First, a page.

My kids say I ask too many questions. I do. I try to help them when they don’t want my help. When I was their age my mom had no idea what I was doing. There was no email, texts, cell phones or any way to easily communicate besides phone. No wonder they needed Religion in those days. You had to pray that the kids would be ok and then let it go. You had no choice but to write letters and make calls once in a while. When I was 21 I traveled in Europe. I thought I was going to stay a year and ended up staying for almost three years. I called home once a month. I would pick up my letters from home at the American Express office. My mom would write me long letters. She said she would get up in the middle of the night when she couldn’t sleep and write. She wrote about the neighbors, people that I went to school with, church members, my family and menus. I remember saying to a boy I had met that I was going to tell her to stop writing all this news because it didn’t interest me. I read one of the letters to him and we laughed. He gave me some good advice. He said not to tell her that. She enjoyed writing the letters. It was cathartic for her to write while I was lost to Europe and she had no idea if I was ok. Now my 20 year old is in Europe and he is travelling all over the place in between school obligations. I want to know his itinerary. Is that unreasonable? I have to start praying I guess and let go. (A little)

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Greece Steps Back From Brink!

Monday, July 13, 2015 10:30 AM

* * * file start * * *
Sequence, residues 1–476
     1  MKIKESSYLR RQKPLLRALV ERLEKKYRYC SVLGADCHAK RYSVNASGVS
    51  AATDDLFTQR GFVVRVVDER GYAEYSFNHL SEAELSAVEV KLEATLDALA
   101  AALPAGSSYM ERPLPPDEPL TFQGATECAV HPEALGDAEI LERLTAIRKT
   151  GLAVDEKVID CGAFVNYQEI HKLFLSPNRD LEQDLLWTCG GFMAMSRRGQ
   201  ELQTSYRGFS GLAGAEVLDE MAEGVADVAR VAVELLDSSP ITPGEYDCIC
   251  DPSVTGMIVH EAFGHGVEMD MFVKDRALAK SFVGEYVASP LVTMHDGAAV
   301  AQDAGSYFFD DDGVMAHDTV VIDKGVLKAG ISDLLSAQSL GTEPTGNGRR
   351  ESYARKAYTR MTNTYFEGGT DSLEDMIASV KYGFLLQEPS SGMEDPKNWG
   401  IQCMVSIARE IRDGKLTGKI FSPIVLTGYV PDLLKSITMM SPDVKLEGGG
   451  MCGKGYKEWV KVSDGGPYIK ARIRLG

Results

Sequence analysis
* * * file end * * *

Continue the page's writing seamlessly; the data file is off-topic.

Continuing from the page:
Greece is being pulled back frm the economic and financial edge. Over the weekend EU leaders agreed to give Greece €86B ($96B) for new bailout loans. The carrot depends on Greece accepting an increase in austerity cuts that last week Greek voters voted against. The deal is characterized as a total surrender to Greek creditors. “The deal is hard,” Mr. Tsipras said after the summit, warning that the measures required by creditors will send the country’s economy further into recession. No relaxing though; by Wednesday the Greek Parliament has to pass the overhauls and increase sales taxes. “The agreement was laborious. It took time but it was done,” said Jean-Claude Juncker, the president of the European Commission. Greece did get consideration to restructure its debt, making it easier to pay; likely won’t be enough to ease the pain though. Greece will suffer more oversight in the future; the EU micro-managing its debt payments and debt issues ; its debt is going to increase even more. Greece has already defaulted on its payment to the IMF, a payment to Treasury bill holders due last Friday and today another IMF payment will go unpaid. One cliff avoided, others still loom for Greece.